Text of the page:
Jerry Crasnick of ESPN reports that pitcher Ross Ohlendorf has signed with the Tokyo Yakult Swallows of Japan’s Central League. He’ll make $1.6 million and could earn an additional $400,000 in incentives.
Not a bad deal for Ohlendorf who, after being released by the Royals in spring training, posted a 4.64 ERA and 68/32 K/BB ratio over 65.2 innings with the Cincinnati Reds in 2016. He probably would’ve had to sign a minor league deal if he wanted to pitch in the United States this year and, even if he made a team, would probably have gotten less than a $1 million deal. He made $800,000 in 2016.
Craig Mish of SiriusXM reports that the Brewers have put together a trade offer for Marlins outfielder Christian Yelich. He describes the club’s interest in Yelich as “strong,” and notes that other teams remain in the mix.
Yelich’s relationship with the Marlins was recently described by his agent as “irretrievably broken” following the trades of Giancarlo Stanton, Marcell Ozuna, and Dee Gordon. His agent said Yelich “needs to get on with his career where he’s got a chance to win.” Understandably, teams have been calling the Marlins asking about him.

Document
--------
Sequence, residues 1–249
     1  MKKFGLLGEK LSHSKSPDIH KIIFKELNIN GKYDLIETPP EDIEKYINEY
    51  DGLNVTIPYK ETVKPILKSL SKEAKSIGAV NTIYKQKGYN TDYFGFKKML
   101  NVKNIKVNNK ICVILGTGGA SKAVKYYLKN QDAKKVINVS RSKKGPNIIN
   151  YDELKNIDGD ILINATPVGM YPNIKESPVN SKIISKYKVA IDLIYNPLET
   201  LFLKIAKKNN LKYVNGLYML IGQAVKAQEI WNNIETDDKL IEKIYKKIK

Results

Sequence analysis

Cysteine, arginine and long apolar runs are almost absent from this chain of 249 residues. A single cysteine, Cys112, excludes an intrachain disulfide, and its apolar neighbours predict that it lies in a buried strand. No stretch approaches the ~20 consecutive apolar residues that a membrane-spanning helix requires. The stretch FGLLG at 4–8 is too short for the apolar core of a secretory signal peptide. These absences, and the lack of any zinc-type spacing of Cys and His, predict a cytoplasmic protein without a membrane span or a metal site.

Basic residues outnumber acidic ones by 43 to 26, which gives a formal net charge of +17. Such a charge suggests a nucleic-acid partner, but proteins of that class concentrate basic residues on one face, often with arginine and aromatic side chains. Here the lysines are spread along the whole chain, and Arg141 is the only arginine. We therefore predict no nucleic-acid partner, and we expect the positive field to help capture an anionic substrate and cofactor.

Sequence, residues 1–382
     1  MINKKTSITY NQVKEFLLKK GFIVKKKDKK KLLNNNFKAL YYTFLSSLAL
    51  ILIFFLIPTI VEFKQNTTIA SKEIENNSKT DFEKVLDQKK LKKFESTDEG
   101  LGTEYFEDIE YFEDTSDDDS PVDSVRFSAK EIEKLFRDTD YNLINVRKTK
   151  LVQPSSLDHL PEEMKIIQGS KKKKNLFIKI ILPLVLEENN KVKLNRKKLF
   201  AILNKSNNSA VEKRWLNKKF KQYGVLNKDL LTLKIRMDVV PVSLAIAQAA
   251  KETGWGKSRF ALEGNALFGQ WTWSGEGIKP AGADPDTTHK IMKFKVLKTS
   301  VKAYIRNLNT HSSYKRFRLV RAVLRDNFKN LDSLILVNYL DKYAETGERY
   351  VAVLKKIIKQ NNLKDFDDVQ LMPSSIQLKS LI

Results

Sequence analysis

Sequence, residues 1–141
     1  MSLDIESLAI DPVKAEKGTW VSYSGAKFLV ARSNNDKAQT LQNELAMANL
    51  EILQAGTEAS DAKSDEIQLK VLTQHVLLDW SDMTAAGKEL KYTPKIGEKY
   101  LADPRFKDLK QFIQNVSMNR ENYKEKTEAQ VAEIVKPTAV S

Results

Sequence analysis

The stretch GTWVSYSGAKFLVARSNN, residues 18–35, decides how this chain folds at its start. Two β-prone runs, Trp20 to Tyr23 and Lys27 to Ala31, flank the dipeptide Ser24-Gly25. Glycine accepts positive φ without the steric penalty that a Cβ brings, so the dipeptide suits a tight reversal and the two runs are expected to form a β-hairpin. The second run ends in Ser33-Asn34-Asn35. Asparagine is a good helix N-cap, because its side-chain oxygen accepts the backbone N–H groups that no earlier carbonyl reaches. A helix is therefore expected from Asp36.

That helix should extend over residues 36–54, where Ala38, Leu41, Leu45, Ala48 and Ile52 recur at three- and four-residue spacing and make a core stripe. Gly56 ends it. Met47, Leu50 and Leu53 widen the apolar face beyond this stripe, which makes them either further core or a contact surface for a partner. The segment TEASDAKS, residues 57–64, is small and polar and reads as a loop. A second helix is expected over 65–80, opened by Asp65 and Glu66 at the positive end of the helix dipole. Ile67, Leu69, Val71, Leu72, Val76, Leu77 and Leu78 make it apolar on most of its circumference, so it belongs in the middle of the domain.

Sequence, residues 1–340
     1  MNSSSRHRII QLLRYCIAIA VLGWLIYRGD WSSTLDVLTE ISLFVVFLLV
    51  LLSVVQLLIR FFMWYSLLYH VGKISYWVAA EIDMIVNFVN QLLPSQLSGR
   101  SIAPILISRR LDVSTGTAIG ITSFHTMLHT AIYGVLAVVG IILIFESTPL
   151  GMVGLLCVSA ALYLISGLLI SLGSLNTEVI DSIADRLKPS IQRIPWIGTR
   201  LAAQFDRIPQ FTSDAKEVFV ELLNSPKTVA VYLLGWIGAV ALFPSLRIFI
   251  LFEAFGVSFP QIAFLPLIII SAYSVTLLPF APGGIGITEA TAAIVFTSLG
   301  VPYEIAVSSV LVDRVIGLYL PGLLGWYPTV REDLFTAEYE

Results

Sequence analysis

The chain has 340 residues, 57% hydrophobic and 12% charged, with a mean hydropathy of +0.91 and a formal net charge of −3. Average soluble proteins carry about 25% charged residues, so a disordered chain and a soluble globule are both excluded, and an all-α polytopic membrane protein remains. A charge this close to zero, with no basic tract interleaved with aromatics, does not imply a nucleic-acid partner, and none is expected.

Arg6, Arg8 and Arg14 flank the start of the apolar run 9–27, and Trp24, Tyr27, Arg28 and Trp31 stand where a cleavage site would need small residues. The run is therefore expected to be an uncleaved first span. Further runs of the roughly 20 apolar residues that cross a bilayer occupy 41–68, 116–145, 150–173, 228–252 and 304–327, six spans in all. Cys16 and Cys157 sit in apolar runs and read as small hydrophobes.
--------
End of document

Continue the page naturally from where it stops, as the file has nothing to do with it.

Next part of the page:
The 26-year-old hit .282/.369/.439 with 18 home runs, 81 RBI, 100 runs scored, and 16 stolen bases in 695 plate appearances last season. He’s in the fourth year of a seven-year, $49.57 million contract of which $44.5 million remains. Given how slow the free agent market has been this offseason, it’s difficult to say exactly what he would get if he were to hit the open market, but it is safe to say that his current contract is very much a bargain for his team, which only makes him even more attractive to inquiring teams.
The Brewers are an interesting team to get involved in the Yelich sweepstakes. Their outfield already has three capable players in Ryan Braun, Domingo Santana, and Keon Broxton. Yelich would still be an upgrade, but the Brewers’ resources may be better spent in other areas like the starting rotation.
Given Yelich’s displeasure and Jeter’s insistence on stripping the Marlins bare — including, potentially, the iconic home run sculpture — it wouldn’t be surprising at all to see a trade happen.